Spending Stumbling Block to Budget Deal

WASHINGTON (AP) -
U.S. Army veterans Peter Marshall Bland (C) and James Taylor (R) of Fort Hood, Texas, end a day of protest with a group from the Million Vet March on the Memorials, rallying against the closure of the U.S. National World War II Memorial due to the current U.S. government shutdown, in front of the U.S. Capitol in Washington, Sunday. (REUTERS/Jonathan Ernst)
U.S. Army veterans Peter Marshall Bland (C) and James Taylor (R) of Fort Hood, Texas, end a day of protest with a group from the Million Vet March on the Memorials, rallying against the closure of the U.S. National World War II Memorial due to the current U.S. government shutdown, in front of the U.S. Capitol in Washington, Sunday. (REUTERS/Jonathan Ernst)

Senate Republicans and Democrats hit an impasse Sunday over spending in their last-ditch struggle to avoid an economy-jarring default in just four days and end a partial government shutdown that’s entering its third week.

After inconclusive talks between President Barack Obama and House Republicans, Senate Majority Leader Harry Reid (D-Nev.) and Minority Leader Mitch McConnell (R-Ky.) took charge in trying to end the crisis, although a conversation Sunday afternoon failed to break the stalemate.

“Americans want Congress to compromise,” Reid said at the start of a rare Sunday session in the Senate, during which he pressed for a long-term budget deal.

The two cagey negotiators are at loggerheads over Democratic demands to undo or change the automatic across-the-board spending cuts to domestic and defense programs that the GOP see as crucial to reducing the nation’s deficit.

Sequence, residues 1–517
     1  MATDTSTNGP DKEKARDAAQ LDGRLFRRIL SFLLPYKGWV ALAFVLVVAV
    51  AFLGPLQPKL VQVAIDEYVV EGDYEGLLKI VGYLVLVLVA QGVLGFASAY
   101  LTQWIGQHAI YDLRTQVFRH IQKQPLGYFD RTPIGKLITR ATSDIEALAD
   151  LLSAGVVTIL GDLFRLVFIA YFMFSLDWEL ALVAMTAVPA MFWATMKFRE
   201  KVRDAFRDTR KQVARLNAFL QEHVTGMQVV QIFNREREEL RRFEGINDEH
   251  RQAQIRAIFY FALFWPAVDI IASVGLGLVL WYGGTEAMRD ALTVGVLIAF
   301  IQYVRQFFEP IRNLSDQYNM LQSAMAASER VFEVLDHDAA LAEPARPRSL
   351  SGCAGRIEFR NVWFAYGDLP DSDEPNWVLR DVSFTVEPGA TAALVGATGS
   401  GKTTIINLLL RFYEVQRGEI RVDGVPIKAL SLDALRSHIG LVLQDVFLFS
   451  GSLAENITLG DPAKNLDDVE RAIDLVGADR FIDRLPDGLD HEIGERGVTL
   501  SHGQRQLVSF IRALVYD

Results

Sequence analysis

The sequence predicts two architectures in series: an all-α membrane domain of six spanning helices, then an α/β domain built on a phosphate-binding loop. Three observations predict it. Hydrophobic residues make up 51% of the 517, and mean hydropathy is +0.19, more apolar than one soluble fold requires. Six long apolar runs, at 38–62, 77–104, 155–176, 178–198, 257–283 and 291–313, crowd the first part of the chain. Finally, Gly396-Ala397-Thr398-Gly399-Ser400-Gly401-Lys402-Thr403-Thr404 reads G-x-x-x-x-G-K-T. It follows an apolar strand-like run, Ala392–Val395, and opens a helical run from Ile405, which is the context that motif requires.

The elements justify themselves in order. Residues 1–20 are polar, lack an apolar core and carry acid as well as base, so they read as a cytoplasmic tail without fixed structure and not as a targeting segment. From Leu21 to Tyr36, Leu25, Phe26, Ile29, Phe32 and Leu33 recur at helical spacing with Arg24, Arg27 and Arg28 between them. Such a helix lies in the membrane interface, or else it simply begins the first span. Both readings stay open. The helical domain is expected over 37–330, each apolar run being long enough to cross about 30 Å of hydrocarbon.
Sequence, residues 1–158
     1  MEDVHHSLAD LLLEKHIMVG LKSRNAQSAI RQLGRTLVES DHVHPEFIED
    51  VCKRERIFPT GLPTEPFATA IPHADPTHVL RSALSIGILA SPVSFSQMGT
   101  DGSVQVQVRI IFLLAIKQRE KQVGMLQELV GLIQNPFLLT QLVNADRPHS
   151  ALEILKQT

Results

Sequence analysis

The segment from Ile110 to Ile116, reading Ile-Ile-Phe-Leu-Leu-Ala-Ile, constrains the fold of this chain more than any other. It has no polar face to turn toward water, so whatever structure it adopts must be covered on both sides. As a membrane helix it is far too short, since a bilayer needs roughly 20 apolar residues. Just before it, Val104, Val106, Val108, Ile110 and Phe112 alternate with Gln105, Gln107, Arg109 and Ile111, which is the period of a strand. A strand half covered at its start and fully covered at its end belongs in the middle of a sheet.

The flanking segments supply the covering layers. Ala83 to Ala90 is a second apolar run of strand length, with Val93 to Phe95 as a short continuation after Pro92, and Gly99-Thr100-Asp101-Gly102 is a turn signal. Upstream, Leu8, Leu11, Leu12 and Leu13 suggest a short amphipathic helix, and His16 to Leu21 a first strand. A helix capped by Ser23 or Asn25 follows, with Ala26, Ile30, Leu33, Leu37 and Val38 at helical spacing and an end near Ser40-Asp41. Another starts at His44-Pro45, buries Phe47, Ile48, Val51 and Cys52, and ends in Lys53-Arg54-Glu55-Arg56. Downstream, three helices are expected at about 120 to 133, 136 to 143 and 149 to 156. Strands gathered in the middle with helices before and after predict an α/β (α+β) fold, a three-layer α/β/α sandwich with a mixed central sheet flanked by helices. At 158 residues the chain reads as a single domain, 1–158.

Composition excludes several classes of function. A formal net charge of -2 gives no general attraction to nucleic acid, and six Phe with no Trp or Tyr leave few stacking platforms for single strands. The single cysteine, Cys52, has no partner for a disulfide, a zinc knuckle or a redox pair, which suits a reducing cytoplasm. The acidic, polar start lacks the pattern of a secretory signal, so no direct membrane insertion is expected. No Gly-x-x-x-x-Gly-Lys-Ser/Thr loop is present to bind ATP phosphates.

McConnell insisted a solution was readily available in the proposal from a bipartisan group of 12 senators, led by Sens. Susan Collins (R-Maine) and Joe Manchin (D-W.Va.), that would re-open the government and fund it at current levels for six months while raising the debt limit through Jan. 31.

“It’s time for Democrat leaders to take ‘yes’ for an answer,” McConnell said in a statement.

The latest snag comes as 350,000 federal workers remain idle, hundreds of thousands more work without pay, and an array of government services, from home loan applications to environmental inspections, were on hold on the 13th day of the shutdown.

Several parks and monuments remain closed, drawing a protest at the National World War II Memorial on Sunday that included tea party-backed lawmakers who had unsuccessfully demanded defunding of President Barack Obama’s three-year-old health-care law in exchange for keeping the government open.

Congress is racing the clock to get a deal done, faced with time-consuming Senate procedures that could slow legislation, likely opposition from tea partyers and certain resistance in the Republican-led House before a bill gets to Obama.

McConnell and Republicans want to continue current spending at $986.7 billion and leave untouched the new round of cuts in January, commonly known as sequester, that would reduce the amount to $967 billion. Democrats want to figure out a way to undo the reductions, plus a long-term extension of the debt limit increase and a short-term spending bill to reopen the government.

Sen. Dick Durbin of Illinois, the No. 2 Democrat in the Senate, told reporters the two sides are roughly $70 billion apart, the difference between the $1.058 trillion Senate budget amount and the $988 billion envisioned by House Budget Committee chairman Paul Ryan (R-Wis.).

Republicans dismiss the latest request as Reid moving the goalposts in negotiations as they were getting closer to resolving the stalemate. They also argue that it is disingenuous for Democrats to resist any changes in the health-care law while trying to undo the 2011 budget law that put the cuts on track.

Graham and Sen. Rand Paul (R-Ky.) said they would not support any deal that upends the spending limits imposed by the 2011 law, and predicted that their Senate GOP colleagues would oppose it as well.

“We’re going to keep working, offering our suggestions to the leadership on both sides of the aisle in an attempt to be constructive and bring this impasse to an end. Surely we owe that to the American people,” Sen. Collins said.